We paint ideologies as necessary responses to inevitable collapse. Yet even back in 1783, William Pitt recognized that “[n]ecessity is the plea for every infringement of human freedom. It is the argument of tyrants; it is the creed of slaves.”
Beyond environmental factors, we create the forces of history. By personifying external abstract results of human action as forces themselves, we’re essentially running blind. Society cannot magically correct itself. Putting faith in ideology takes the onus off humanity to act responsibly; instead, destiny will see us through.
For example, Saul takes on the idea that democracies and free speech are only capable of existing in free market economies. In this view, democracy and personal freedom begin with the Industrial Revolution. Yet, the ideas of democracy and freedom of thought pre-date the Industrial Revolution by thousands of years; “this ethical, humanist, democratic line stretches across 2,500 years, free and independent of the evolving specifics of economics, technology, intellectual elitism and military force, among other periodic expressions of the Western experience” (61). He, of course, specifically refers to ancient Greek philosophers as expressing democratic ideals in a pre-industrial society. In the modern era, “democracy and individualism have advanced in spite of and often against specific economic interest” (87). Yet we are led to believe that the opposite is true:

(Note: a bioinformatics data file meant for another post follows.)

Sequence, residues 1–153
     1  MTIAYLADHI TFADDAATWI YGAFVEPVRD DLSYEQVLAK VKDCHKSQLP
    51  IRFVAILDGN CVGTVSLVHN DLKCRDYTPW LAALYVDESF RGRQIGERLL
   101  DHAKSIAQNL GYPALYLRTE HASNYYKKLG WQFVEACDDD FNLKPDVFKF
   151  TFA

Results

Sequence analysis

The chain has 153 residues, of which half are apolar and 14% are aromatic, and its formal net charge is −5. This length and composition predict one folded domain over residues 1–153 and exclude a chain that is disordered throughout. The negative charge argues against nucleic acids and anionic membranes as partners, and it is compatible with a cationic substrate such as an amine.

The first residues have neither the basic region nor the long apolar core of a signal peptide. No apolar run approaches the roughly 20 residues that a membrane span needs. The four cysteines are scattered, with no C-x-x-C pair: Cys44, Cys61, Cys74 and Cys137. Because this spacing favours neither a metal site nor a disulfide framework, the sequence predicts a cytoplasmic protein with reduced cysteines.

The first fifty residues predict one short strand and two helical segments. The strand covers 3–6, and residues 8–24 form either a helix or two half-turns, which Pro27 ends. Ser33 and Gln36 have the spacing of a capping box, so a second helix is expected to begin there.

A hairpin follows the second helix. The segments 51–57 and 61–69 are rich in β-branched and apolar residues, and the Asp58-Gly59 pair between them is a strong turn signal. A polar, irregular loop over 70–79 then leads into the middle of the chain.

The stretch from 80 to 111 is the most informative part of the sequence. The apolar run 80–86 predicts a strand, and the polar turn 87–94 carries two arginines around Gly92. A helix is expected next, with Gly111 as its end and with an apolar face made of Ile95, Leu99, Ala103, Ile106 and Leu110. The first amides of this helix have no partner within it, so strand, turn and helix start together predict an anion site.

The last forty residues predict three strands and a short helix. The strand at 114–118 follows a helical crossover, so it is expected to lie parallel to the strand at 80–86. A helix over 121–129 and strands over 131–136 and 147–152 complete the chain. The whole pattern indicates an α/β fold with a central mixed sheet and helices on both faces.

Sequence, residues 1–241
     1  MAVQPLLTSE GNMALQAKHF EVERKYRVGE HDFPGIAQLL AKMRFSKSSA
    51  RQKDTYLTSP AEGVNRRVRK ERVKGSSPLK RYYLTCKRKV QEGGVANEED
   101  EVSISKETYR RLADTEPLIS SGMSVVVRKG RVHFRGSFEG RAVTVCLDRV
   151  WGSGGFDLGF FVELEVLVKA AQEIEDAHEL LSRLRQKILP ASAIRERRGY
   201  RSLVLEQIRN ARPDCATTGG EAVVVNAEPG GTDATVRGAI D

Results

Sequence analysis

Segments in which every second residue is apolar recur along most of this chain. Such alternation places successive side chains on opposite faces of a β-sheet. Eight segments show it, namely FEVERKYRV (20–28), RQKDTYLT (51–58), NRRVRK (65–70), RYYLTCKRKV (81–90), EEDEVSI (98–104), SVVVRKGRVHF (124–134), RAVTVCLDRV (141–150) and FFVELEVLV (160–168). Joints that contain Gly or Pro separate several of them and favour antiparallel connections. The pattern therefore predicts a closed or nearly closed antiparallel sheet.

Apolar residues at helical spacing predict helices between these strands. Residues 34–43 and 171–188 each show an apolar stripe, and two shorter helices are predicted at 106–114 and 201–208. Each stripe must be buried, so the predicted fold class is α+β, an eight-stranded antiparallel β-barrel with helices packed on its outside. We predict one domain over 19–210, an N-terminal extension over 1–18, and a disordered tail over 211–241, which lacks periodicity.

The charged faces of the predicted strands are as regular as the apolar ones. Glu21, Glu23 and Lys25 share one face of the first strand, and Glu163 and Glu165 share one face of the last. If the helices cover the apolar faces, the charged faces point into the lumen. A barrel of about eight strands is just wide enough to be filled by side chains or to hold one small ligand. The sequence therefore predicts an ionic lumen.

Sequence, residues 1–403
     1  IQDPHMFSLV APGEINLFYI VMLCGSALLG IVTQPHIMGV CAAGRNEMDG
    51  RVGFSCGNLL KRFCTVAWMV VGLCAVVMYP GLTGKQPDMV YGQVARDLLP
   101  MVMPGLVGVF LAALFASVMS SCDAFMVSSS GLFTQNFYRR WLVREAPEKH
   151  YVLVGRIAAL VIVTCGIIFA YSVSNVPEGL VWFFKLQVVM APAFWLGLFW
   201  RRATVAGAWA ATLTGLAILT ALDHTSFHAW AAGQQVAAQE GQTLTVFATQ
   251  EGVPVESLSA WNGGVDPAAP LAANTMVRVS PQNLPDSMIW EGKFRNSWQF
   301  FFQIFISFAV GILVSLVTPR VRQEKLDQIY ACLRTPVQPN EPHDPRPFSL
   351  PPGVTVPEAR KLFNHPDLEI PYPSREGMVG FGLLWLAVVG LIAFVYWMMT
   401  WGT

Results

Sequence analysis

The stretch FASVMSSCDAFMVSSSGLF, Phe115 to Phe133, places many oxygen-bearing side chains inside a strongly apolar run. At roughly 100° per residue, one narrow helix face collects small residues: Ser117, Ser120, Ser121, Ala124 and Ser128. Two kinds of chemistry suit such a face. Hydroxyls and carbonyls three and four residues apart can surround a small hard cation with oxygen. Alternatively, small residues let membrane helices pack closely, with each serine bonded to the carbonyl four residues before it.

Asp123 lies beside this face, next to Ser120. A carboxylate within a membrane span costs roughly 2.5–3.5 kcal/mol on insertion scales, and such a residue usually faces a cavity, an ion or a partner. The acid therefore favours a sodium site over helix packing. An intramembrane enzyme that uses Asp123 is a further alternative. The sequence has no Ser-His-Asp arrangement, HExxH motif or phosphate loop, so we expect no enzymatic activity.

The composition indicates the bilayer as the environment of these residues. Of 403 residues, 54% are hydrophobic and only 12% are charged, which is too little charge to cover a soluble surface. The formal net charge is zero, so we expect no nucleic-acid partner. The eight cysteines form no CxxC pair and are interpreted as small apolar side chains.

It is as if the Industrial Revolution had caused a severe mental trauma, one that still reaches out and extinguishes the memory of certain people. For them, modern history begins from a big explosion—the Industrial Revolution. This is a standard ideological approach—a star crosses the sky, a meteor explodes, and history begins anew. (89)
We don’t have to look far to see the sort of twisted views of history produced through ideological ends—it is the ideology that comes foremost, the events come second. History must be squished and stretched to fit a neat interpretation of, say, the Marxist dialectic.
It’s pretty heavy stuff. But perhaps the most provocative statement in The Unconscious Civilization is this:
Certainly corporatism is creating a conformist society. It is a modern form of feudalism with none of the advantages of the early urban guild system, where obligation, responsibility and standards played a role.” (94)